Motivation to change doesn't happen in a straight line, and it isn't just about self-control. Change is difficult because the things that motivate you change all the time. You don't stick with it because at any given moment there is something else that can take priority. You are affected by a multitude of needs and wants... both yours and the people in your orbit.
Does the following sound familiar? You make a decision or a resolution to change a behavior. Two months, two weeks, or even two days later you've fallen off the wagon. Even though it still feels important to make the change, you just can't seem to muster the self-discipline to carry on. And when your kids are inconsistent, watch out! Visions of incompetence and disaster may not be far behind.
The good news is that self-discipline is only one aspect of motivation and change, so you can stop berating yourself and your kids for not following through. Change often goes along in fits and starts. Two steps forward and a few steps back is normal and to be expected.
Now what about your child? Perhaps you can't stand the mess in his room. So you propose, "If you keep your room clean, I'll give you the X that you really want." It's the thing he's been begging for weeks, so why doesn't he cooperate?
The clean room is your idea, not his, which automatically makes it a lesser priority for him. You're highly motivated, and he's not. There are far more important people and things than those you offered him. And so he resists making the change.
I used to wonder, "What is so important to my kids that it will create a permanent behavior change?" I never could figure it out, because, as I now know, motivation changes.
Self-Determination Theory (SDT), developed by psychologists Deci and Ryan at the University of Rochester, identifies two types of motivations behind people's choices: internal (autonomous) and external (controlled) motivations.
Internal vs External Motivation
Internal motivation is a reason for making a choice that is important to us, our values and our outlook on life. External motivation comes from the outside - the law, school rules, parental rules, or company policy, for example.
External motivators are often the reason we do something in the first place. ("I want a better grade." "I want my parents to be proud of me." "I don't want to get a speeding ticket.") These are motivations to get someone's approval, or to avoid a consequence. External motivators tend to fade over time. Maintaining a behavior change usually requires a shift to an internal motivation.
What are Internal Motivations for Teens?
Spending time with friends, being accepted, staying connected on devices... these are universal motivators for teens. Some kids know how to balance these with other, longer-term life goals. Others will act on the strong pull of what feels good right now, and homework, a clean room and the college essay are left behind.
Motivation Changes Over Time
Even the 'laziest' of children (and adults) is motivated... just not in the way you want them to be. Today's good intentions are tomorrow's uncompleted goals.
There is an unconscious cost-benefit analysis going on. When the cost of a behavior outweighs the benefit, everything changes. If there's a party going on, the benefit of being with friends will often outweigh the cost of putting up with your nagging about the college application. The application is important, but, in your teen's mind, it can wait. Being part of the group is a higher priority.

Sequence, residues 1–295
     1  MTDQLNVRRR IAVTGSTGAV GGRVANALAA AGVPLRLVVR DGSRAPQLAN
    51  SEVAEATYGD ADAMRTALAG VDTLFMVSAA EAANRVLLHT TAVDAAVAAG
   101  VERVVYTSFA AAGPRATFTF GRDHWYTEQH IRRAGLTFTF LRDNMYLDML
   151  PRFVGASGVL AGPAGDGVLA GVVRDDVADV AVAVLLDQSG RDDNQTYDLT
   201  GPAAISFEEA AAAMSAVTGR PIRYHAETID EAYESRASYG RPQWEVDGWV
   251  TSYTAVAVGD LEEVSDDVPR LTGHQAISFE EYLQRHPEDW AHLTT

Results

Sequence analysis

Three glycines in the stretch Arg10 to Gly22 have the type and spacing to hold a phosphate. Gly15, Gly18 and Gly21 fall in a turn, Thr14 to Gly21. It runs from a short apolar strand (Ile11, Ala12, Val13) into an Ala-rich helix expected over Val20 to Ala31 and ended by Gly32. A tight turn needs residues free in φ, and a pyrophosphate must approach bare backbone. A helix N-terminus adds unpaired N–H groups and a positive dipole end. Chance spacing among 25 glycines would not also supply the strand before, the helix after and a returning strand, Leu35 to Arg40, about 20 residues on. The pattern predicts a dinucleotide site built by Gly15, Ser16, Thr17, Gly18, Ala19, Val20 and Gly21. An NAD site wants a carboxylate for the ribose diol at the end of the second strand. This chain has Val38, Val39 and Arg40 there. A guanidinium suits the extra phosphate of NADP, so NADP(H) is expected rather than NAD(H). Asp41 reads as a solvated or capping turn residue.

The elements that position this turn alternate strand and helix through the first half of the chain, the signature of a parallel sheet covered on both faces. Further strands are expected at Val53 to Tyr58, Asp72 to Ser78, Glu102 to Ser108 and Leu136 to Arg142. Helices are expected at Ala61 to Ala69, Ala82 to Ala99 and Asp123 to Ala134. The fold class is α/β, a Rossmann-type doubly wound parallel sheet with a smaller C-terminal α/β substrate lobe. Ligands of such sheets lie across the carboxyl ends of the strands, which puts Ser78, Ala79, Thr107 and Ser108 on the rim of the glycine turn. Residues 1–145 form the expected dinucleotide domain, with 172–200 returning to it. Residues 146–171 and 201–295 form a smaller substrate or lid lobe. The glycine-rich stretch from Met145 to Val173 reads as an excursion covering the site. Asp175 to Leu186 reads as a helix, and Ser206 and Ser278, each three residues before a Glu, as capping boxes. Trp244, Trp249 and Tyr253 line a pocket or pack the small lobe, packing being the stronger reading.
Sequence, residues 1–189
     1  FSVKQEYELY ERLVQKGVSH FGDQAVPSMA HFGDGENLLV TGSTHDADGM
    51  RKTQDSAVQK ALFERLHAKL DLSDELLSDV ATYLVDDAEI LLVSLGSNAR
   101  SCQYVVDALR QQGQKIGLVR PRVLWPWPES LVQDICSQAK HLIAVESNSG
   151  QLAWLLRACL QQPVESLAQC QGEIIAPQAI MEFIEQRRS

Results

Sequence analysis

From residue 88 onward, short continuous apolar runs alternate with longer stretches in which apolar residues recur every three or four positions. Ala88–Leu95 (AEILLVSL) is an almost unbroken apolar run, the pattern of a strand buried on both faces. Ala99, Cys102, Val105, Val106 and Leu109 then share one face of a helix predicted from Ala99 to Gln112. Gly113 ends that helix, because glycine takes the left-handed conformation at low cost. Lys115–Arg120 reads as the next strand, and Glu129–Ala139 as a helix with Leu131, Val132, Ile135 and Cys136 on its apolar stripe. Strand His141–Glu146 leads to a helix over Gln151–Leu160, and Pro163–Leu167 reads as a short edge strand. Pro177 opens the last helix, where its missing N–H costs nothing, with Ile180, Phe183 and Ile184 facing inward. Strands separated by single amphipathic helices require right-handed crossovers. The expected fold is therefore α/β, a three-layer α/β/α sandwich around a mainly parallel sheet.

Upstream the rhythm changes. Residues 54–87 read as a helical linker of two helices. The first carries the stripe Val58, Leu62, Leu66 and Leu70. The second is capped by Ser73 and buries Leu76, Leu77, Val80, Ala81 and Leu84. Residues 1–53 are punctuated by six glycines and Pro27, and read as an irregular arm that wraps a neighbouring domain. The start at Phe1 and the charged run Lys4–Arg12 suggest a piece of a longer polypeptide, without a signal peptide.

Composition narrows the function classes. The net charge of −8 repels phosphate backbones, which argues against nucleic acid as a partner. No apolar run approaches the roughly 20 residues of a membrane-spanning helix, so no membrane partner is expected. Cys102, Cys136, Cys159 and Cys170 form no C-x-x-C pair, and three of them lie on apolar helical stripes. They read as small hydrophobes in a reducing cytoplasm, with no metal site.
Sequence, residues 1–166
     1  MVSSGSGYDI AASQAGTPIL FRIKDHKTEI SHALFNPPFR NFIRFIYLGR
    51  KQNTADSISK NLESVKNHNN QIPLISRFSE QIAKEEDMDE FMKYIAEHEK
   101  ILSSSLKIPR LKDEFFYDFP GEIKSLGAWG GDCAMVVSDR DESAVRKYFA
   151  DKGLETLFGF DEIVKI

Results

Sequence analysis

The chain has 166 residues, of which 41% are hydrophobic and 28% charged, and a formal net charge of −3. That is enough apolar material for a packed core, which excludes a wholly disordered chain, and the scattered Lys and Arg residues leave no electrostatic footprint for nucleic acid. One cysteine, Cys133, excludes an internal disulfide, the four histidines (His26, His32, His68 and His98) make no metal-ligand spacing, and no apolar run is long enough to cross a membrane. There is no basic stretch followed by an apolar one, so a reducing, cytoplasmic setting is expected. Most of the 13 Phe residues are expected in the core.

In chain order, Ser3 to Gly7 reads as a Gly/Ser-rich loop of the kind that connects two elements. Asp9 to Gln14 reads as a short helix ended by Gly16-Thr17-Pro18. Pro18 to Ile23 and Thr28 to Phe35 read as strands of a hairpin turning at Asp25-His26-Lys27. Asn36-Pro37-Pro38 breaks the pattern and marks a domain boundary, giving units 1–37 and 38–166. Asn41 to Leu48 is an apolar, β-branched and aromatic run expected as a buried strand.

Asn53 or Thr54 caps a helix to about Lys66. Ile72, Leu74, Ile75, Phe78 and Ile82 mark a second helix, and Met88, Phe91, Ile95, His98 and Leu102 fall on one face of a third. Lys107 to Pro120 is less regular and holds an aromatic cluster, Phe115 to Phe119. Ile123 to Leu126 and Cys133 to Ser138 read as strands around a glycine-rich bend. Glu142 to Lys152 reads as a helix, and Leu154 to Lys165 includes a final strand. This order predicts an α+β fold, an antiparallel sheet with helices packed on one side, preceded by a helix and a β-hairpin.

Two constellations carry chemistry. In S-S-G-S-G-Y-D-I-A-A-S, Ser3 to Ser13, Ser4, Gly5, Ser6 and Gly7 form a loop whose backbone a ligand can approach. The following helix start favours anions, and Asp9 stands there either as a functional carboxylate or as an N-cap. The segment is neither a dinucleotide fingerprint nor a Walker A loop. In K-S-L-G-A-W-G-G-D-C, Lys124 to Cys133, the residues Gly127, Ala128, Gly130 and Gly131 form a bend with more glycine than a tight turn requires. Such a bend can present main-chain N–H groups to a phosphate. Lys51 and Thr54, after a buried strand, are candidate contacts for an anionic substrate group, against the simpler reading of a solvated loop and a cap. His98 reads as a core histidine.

What's A Parent To Do?
Remember that motivation changes and internal motivation tends to rule. The old adage about 'picking your battles' is important to remember, too.
Which are the issues that will have longer-term consequences? (The messy room pales in comparison to the journey to college.) What is a priority? Are there deadlines to be met? You can help your teen by giving gentle reminders:
* Is he thinking about a career in the sciences? "Marine biologists need a strong foundation in science. How's your effort in those classes?
* Has he been focused on attending a particular college? "You've always talked about going to X University. What still needs to be done to have a strong application?"
Maybe the goals have changed. The question is why. This is an opportunity for a calm, non-judgmental, exploratory conversation. His interests may have gradually changed or, just as likely, there is something blocking him.
The bigger process may be overwhelming and he needs help breaking it down into smaller steps. There may be an academic/learning challenge. Is there a love interest diverting his attention? Perhaps there is substance use/abuse going on. Every one is a strong motivator.
Internal motivators rule.
Motivation changes over time, and can change frequently.
You can help your child understand what is motivating him.
Help him refocus on his goals, or reevaluate and change them.
Be patient and calm.
Have a respectful conversation. Be curious (not critical).
Fern Weis is a certified life coach who learned that caring and good intentions are not enough in parenting. In fact, they are often the problem! Fern supports parents of teens and young adults who are going through difficult situations, including addiction recovery. She helps parents release guilt, end enabling and confidently prepare their children to thrive through life's challenges. Her articles are featured in Thrive Global, Medium, Motherly, The Teen Mentor, and Bergen County Moms.
Learn more about coaching and classes at www.fernweis.com. And then download your free guide, "Five Powerful Steps to Get Your Teen to Talk." For information on Family Recovery programs, visit www.familyrecoverypartners.com.